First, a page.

NY Waterway also operates a ferry service between Haverstraw in Rockland County and Ossining.

Westchester County Airport is adjacent to White Plains.


The Hudson Valley Renegades is a minor league baseball team affiliated with the Tampa Bay Rays. The team is a member of the New York - Penn League and plays at Dutchess Stadium in Fishkill. The Rockland Boulders of the independent Can-Am League play in Rockland County.

See also


  1. ^ "Mountains, Valleys and the Hudson River". Hudson Valley Tourism. 2009. Retrieved 2011-09-29. 
  2. ^ Van Diver, B.B. 1985. Roadside Geology of New York. Mountain Press, Missoula. p. 59-63.
  3. ^ "Physiographic divisions of the conterminous U. S.". U.S. Geological Survey. Retrieved 2007-12-06. 
  4. ^ Eyles, N. Ontario Rocks: Three Billion Years of Environmental Change. Fitzhenry & Whiteside, Markham, Ontario. 339 p.
  5. ^ "National Historic Landmarks Program - Lake Mohonk Mountain House". National Park Service. Retrieved 2012-09-03. 
  6. ^ Ruttenberg, Edward Manning (1872). History of the Indian tribes of Hudson's River: Their Origin, Manners and Customs, Tribal and Sub-tribal Organizations, Wars, Treaties, etc. Albany, NY: J. Munsell.  
  7. ^ Wermuth, Thomas S.; Johnson, James M.; Pryslopski, Christopher, eds. (2009). America's first river: the history and culture of the Hudson River Valley.  
  8. ^ Dunn, Shirley W. (2009). The River Indians – Mohicans Making History. Purple Mountain Press.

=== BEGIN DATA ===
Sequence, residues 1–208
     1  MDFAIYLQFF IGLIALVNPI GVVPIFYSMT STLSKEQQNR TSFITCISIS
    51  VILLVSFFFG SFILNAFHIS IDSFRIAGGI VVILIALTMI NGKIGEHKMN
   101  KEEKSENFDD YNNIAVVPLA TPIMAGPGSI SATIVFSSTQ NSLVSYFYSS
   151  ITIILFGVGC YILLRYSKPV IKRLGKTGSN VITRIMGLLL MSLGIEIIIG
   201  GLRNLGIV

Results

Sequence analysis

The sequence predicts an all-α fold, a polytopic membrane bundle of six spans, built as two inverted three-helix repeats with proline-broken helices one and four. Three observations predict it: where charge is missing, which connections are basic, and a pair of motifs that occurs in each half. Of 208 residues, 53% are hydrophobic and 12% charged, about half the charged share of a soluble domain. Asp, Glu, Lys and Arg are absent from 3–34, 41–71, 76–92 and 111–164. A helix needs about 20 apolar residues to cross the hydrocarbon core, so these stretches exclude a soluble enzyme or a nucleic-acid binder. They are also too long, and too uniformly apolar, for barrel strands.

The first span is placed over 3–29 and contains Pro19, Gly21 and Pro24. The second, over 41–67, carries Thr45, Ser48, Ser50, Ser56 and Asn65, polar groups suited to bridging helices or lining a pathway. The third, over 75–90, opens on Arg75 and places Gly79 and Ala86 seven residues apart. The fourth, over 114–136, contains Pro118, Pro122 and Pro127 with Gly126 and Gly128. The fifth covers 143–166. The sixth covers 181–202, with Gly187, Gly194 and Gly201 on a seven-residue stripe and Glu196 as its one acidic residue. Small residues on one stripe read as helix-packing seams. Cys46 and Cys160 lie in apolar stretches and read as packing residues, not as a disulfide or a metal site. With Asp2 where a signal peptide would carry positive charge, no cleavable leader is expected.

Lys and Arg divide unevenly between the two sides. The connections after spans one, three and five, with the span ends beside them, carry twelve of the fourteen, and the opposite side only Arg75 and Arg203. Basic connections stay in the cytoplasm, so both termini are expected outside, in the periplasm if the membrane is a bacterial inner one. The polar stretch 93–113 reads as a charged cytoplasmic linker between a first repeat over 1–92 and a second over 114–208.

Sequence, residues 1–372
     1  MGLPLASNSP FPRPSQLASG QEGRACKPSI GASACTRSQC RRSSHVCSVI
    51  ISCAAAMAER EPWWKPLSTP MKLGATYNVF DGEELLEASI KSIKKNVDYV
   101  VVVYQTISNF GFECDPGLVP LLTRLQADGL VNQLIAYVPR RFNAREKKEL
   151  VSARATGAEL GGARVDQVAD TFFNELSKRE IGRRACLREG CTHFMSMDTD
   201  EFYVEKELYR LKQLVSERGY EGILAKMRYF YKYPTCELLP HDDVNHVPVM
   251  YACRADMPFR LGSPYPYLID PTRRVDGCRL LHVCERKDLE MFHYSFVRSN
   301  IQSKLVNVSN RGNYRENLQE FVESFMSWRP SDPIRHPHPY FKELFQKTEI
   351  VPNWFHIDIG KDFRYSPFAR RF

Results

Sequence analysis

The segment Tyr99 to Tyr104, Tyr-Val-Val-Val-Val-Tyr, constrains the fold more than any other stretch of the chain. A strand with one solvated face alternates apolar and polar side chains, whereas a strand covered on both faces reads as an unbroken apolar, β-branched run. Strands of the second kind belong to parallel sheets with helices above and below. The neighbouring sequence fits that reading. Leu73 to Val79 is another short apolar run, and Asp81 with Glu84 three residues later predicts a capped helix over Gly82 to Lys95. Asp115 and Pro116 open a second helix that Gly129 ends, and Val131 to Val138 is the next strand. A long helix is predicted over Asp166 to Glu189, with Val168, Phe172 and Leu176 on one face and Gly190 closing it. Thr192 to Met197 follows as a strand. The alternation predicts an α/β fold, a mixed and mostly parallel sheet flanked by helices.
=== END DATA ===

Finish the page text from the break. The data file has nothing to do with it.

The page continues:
9. ^ Gehring, Charles T.; Starna, William A., "Dutch and Indians in the Hudson Valley: The Early Period". Wermuth et al., pp. 13–29.
  10. ^ Thomas, A and Smith, P; Upstate down: thinking about New York and its discontents University Press of America 2009, p78
  11. ^ Glatthaar, Joseph T., and Martin, James Kirby (2007). Forgotten Allies: The Oneida Indians and the American Revolution, p. 39. Macmillan. ISBN 0-8090-4600-8.
  12. ^ Stanne, Stephen P., et al. (1996). The Hudson: An Illustrated Guide to the Living River, p. 120. Rutgers University Press. ISBN 0-8135-2271-4.
  13. ^ Hirschl, Thomas A.; Heaton, Tim B. (1999). New York State in the 21st Century. Greenwood Publishing Group. pp. 126–128.  
  14. ^ Dunwell, Francis F. (2008). The Hudson: America's river.  
  15. ^ Collins, Clay (2011-01-01). "Venison juniper berry marinade".  
  16. ^ "Grapes of the Hudson Valley". Hudson Valley Wine Magazine. Retrieved 2011-09-29. The Hudson Valley’s beautiful river, shorelines and mountains have led some to call our valley ‘America’s Rhineland.’ 
  17. ^ Richard H. Gassan, The Birth of American Tourism: New York, the Hudson Valley, and American Culture, 1790-1835 (2008)
  18. ^ a b "About Tech Valley". Tech Valley Chamber Coalition. Retrieved 2009-09-27.